GEORGE: The Somerville Martial Arts Centre, all right. We're just going to be chatting about a few things, travel within the martial arts industry, a few recent successes and so forth. So – welcome to the show!

MATT: Thank you very much, thanks for coming down and speaking to me.

GEORGE: Awesome. So I guess we're going to start from the beginning – so. Who is Matt Ball?

MATT: I started in the Bob Jones martial arts group, in zen do kai when I was about 13 and I'm now 44. I've continued within the Bob Jones martial arts school throughout that time. In 1996, I decided to go full time and entered into a couple of business writing competitions for the two previous years, Shell corporation and the Rotary club used to do business comps. And it was a really great way to be mentored, it was my first experience with mentors outside of martial arts, that helped me develop my business plans to the point where I thought that I could possibly be successful stepping away from my job, which was in a bank at that stage.

So in 1996, I moved out and my main aim was to teach at high schools during the day and then at night time to run my classes, so from 4:00 till 8:30 at night each day. I had a lot of promises from schools in that first year that they would employ me for the following year, and it looked really great on my business plan. And then when I started calling them up, they informed me that I had to have been booked in a year previously for some of them and it was all requirements and that first year was a little bit rougher than I first anticipated.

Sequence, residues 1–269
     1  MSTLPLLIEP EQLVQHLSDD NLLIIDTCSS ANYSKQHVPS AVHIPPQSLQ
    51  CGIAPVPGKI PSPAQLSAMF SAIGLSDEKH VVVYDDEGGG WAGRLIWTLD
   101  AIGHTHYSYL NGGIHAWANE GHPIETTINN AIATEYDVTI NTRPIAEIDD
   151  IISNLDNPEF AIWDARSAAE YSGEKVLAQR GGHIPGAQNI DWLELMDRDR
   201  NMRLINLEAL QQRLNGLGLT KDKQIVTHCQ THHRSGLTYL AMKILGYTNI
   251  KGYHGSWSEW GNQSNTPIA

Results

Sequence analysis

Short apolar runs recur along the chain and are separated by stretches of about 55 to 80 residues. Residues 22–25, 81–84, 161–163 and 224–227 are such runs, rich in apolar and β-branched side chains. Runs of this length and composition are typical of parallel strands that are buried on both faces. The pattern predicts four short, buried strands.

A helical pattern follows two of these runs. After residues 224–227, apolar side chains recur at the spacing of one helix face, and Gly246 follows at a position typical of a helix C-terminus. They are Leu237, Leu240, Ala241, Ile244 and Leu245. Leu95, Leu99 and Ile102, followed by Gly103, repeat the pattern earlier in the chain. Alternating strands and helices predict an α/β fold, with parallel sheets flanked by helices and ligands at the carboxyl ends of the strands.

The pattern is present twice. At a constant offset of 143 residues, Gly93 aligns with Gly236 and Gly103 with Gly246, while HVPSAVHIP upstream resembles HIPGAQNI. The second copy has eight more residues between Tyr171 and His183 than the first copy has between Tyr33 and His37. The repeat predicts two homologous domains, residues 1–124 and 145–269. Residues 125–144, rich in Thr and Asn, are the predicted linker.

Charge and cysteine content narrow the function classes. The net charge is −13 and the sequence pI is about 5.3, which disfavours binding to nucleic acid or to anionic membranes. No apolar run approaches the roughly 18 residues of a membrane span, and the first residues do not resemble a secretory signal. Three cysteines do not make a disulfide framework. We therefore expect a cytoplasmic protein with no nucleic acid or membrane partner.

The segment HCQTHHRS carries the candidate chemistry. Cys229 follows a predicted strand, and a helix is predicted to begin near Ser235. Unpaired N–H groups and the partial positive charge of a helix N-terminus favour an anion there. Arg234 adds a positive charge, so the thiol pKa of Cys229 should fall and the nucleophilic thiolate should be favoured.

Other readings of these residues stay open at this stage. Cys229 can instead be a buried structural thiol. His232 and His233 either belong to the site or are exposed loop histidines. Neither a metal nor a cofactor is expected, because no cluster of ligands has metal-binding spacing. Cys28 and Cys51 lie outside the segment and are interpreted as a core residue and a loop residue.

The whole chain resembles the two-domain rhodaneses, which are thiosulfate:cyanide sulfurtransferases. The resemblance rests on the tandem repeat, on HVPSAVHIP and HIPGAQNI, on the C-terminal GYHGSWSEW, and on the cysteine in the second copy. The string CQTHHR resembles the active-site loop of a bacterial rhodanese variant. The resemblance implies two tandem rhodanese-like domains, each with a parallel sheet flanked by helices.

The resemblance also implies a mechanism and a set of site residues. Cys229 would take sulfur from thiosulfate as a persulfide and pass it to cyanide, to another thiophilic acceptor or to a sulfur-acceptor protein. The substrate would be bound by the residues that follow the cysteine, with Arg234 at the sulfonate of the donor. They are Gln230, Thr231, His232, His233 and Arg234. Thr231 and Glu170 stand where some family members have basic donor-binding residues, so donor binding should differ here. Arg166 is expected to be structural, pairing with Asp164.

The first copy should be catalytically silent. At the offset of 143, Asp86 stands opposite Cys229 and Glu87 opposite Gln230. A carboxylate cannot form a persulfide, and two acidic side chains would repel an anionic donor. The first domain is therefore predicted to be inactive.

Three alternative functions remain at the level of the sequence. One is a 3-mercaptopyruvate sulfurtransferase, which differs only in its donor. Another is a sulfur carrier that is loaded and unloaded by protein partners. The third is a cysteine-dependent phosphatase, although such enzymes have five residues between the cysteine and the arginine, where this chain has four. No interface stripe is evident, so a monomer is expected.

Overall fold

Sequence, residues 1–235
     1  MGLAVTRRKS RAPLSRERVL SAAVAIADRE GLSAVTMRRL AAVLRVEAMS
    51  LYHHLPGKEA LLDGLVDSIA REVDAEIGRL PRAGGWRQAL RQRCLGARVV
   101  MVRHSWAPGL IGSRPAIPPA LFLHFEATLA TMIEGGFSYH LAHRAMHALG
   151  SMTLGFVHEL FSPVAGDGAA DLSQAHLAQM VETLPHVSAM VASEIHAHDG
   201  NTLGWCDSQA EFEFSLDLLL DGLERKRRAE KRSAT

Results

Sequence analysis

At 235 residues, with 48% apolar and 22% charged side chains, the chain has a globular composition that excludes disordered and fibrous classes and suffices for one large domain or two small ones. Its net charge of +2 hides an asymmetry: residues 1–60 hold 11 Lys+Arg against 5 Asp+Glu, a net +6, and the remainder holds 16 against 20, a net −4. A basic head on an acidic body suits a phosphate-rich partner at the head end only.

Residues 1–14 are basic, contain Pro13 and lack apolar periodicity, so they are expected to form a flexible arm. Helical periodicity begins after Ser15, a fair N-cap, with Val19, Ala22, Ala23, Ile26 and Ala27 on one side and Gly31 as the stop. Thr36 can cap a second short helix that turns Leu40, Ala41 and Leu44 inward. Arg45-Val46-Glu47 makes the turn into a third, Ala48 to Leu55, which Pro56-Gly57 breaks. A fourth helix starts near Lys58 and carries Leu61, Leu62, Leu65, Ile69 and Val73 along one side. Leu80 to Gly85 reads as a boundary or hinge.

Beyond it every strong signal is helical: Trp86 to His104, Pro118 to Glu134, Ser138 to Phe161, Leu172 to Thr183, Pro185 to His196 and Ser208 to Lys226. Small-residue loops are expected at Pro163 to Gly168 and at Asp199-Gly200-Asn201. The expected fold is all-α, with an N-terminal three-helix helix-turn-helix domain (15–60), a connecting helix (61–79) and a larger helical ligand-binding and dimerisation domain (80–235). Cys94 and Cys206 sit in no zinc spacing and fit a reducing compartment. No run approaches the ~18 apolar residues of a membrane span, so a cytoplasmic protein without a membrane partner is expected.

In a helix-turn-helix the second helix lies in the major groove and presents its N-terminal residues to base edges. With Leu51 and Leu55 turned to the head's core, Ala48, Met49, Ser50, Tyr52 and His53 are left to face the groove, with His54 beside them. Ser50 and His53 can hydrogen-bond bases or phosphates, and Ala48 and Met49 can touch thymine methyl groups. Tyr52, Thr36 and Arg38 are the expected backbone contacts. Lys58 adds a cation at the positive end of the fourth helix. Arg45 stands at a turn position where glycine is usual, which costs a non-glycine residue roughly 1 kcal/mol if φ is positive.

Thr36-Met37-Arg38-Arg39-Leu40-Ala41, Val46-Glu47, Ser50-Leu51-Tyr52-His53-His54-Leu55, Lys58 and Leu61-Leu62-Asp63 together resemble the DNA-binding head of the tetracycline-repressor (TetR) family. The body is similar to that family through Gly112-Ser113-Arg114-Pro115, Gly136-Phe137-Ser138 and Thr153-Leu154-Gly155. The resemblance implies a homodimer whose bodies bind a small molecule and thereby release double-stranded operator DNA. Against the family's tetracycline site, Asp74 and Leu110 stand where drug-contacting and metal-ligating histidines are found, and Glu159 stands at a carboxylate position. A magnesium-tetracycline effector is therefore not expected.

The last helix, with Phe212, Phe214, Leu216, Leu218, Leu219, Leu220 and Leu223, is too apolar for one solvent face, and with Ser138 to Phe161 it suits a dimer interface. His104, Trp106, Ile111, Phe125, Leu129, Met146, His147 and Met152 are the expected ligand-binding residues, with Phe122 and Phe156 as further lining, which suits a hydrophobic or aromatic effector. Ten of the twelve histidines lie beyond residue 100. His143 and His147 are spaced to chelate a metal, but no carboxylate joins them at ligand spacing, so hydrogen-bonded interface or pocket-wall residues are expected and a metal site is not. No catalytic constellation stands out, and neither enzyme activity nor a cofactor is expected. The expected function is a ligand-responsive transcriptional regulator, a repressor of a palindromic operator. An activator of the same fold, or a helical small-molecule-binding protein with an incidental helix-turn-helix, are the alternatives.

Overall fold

But once we got through that, that business really took off and in the end, before I sold that part of my business, we were teaching it around about 40 high schools each year, there was 5 or 6 people working for me to assist in that, mainly teaching self-defence, but also some Muay Thai and some boxing for fitness type classes and things as well. So it was good and then, and now we're in 2017 – around about 2003, I moved into a full-time premise. We were at the time operating out of three different halls, within the same area, all within the 5K radius of each other.Somerville Martial Arts Centre - Matt BallSo I decided to take the big leap and try and bring it all into the one place and I felt that I had enough members at that point to do that. So I've been teaching children and obviously adults for a long time, but I decided I want to focus more on the adult and team market at that stage and we dropped right into competition, room fighting for boxing and Muay Thai predominantly. So we went into trying to develop that sort of market, so the imagery that I chose and the logos I chose were turned directly towards that market and we probably left the child market a little bit behind.

And at first I was happy to do that, that was my goal, but after some time, I realized I'd probably swung too far the other way. And we had Dave Kovar from America at our club and I was talking about our member base. And at the time, it wasn't massive, but it was close to 200, around 170 members and 80% was over the age of 15. And he said, Matt, that's great, most people would love to have adult numbers like that, but you do realize that you can still have a lot of kids and still keep those adult members as well? And I went, yeah, I'm an idiot.

So at that time, we sort of changed our logos, we changed around our gym a little bit. People, when they used to walk in, the first thing they would see would be a boxing ring, and then another boxing ring. Often people would be fighting and sparring and the kids have to walk through it. On our wall, we had the Krav Maga gear, so it all looked military, knives and guns and things. And it was amazing when Dave said it to me, I walked outside, I walked back in, and I went, who would bring their kid here?